Talking History … with Alijah Gee

Custodian With a dry mop in a hallway

By Scott Grove | Photography by Turner Photography Studio | Posted on 10.10.20

On Friday, June 5, an estimated 7,000 people marched in Downtown Frederick in demonstration against police brutality, initiated by the murder of George Floyd who was suffocated by a Minneapolis officer 11 days earlier. March for Justice, believed to be the largest group protest in Frederick history, was organized by five Black citizens—all in their teens and 20s. One organizer, 23-year-old Alijah Gee, recalls the event’s meteoric development and the overwhelming show of solidarity by the Frederick community.

Scott: Who initiated the planning for the March for Justice and how did you get involved?

Alijah: Gabrael Moore, Isaiah Spencer and Amiyah Spencer initiated the idea of a march in Downtown Frederick following the murder of George Floyd. I learned about the event on social media. I personally spoke with Gabe, who then encouraged my involvement. From these conversations, Frederick’s March for Justice was born. I brought in Akiyyah Billups, who had previous event experience and helped with additional needed organization. Personally, I got involved because I was outraged by George Floyd’s murder and needed my voice to be heard. I had a purpose!

Scott: Very quickly, though, you assumed more of a leadership role.

Alijah: Because I am a few years older than Amiyah, Gabe and Isaiah, I may have assumed a leadership role, but overall we all took on important roles that were key to the success of the event. By the time I got involved there was only one week to finalize the planning. So each and every one of us had our roles.

Scott: At what point did it become obvious that it was going to be a much more widely attended event? And when did the group coordinate the effort with city officials and police? Initially, didn’t organizers expect a much smaller turnout?

Alijah: Absolutely! While we expected a good turnout, we didn’t expect 7,000 people to come together for this cause. We continued to look at our Facebook event page numbers in the days before the event and saw that the number of people “planning to attend” kept jumping by the hundreds each day. We knew we needed to sit down with city officials and the police to discuss safety concerns.

Scott: When, on the day of the event, a torrential rainstorm developed mid-afternoon and continued for several hours, how did you and your fellow organizers think it would affect the march?

Alijah: The storm intensified our commitment to march. However, when thunder and lightning became a major issue, our thoughts turned to the safety of all the participants. We updated our social media pages frequently and eventually attempted to just push the start time out an hour to 6 p.m.—but it was too late. Large numbers of people were already arriving.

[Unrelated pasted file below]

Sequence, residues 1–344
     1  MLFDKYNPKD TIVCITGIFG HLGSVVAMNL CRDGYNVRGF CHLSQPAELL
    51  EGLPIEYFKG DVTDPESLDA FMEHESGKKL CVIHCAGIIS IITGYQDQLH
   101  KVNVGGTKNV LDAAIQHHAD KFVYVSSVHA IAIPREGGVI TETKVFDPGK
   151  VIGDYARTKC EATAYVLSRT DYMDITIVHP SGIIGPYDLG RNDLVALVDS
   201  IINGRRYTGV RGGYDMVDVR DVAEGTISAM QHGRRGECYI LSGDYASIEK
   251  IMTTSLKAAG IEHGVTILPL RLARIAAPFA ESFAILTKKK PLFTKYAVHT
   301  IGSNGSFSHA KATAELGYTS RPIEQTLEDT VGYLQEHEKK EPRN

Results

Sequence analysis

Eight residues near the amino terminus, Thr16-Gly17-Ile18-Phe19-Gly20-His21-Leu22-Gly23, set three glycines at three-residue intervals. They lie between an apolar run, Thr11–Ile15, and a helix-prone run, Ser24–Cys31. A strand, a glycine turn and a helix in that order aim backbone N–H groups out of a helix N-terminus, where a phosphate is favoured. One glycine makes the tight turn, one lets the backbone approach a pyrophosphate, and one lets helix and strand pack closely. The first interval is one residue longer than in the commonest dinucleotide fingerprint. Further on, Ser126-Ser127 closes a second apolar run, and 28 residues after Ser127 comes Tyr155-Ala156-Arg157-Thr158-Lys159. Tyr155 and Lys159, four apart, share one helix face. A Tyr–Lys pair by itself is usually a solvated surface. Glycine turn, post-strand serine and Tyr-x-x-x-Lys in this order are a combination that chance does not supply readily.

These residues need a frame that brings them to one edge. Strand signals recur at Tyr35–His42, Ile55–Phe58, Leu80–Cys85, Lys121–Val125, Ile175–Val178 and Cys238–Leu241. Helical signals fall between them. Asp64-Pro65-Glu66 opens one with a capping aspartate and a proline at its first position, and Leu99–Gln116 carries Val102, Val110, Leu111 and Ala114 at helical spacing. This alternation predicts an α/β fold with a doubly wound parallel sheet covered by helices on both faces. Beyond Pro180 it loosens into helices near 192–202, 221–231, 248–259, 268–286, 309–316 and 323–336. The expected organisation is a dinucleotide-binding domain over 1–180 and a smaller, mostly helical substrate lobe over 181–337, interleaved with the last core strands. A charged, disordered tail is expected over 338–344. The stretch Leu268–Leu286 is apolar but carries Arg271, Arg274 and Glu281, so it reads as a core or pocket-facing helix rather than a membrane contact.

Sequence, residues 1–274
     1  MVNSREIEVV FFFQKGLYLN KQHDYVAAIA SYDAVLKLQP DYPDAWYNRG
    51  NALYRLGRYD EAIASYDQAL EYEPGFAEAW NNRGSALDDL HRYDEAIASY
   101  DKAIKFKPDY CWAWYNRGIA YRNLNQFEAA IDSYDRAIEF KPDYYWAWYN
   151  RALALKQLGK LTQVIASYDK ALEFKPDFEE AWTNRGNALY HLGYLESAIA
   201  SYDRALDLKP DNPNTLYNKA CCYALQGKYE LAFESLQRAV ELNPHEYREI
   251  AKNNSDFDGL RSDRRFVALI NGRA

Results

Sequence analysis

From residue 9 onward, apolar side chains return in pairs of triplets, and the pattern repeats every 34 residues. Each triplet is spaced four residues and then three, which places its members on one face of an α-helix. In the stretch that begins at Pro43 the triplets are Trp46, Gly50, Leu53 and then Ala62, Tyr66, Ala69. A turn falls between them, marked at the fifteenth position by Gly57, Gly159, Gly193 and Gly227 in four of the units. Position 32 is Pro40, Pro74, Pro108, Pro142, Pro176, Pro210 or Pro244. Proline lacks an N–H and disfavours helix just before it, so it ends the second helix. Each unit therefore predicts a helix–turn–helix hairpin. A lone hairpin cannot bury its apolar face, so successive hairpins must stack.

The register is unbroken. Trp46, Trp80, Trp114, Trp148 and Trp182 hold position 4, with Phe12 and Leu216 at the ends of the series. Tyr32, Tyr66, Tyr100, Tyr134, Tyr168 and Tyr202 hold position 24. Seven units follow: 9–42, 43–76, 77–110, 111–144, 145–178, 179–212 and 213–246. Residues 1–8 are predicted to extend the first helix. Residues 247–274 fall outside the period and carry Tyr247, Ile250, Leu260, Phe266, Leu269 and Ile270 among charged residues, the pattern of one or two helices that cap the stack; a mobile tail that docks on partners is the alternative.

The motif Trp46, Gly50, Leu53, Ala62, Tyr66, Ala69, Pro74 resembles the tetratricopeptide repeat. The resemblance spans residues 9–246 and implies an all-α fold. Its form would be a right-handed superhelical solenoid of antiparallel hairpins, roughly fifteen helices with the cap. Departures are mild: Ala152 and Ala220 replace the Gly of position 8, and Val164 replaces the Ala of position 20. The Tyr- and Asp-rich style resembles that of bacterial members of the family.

Scott: Leaving Mullinex Park and approaching Baker Park, were you and your colleagues surprised by the numbers in attendance—and by the diversity of those in attendance?

Alijah: We were in shock as we watched the bandshell and all the surrounding park areas fill with people of different ethnicities, religions and nationalities. Everyone was drenched from the rain, shoes were soaked, it was insane. We could not believe so many people would come to address the issue of police brutality.

Scott: What were the most emotionally moving moments of the proceedings that took place at Baker Park?

Alijah: When everyone started to fill the bandshell, we played Rise Up by Andra Day. The timing was perfect. All of the organizers and many participants broke out in tears because the event stirred so many emotions.

Scott: Do you believe that the local event, which included the march down Market Street, as well as the hundreds of other events happening around the country will help to end racial discrimination and violence?

Alijah: I do believe that all the events happening will help make a change. So far, it has. Although they are baby steps, some more states are banning chokeholds by police forces. Locally, a Mobile Crisis Unit has been established. The unit is vital to change because instead of police officers handling citizens who are having major mental health issues, the Mobile Crisis Unit (professionals with intervention skills) will be dispatched Police officers are not trained to respond to someone who is having a mental break-down—in some cases it can just escalate the situation. Members of the unit will be equipped to deal with individuals in crisis.

Scott: On a completely different note, how do you feel about Joe Biden’s selection of Kamala Harris as vice presidential nominee?

Alijah: At the end of the day, Kamala Harris is a Black woman. I will support another Black woman before I criticize her for mis-takes she may have made in her past. We need more influential people of color higher up—and this is a great opportunity.

Alijah Gee lives in Frederick and recently obtained a communications degree from Bowie State University. She hopes to work within the field of organizational communications. Scott Grove is a marketing consultant and owner of Grove Public Relations, LLC, an advertising and marketing firm he founded in 1986. A former reporter, Grove is a lifelong student of history and co-owner of iTour, creator of the Frederick Maryland Walking Tour, produced both as a mobile app and a DVD. For more information, visit or

Frederick Magazine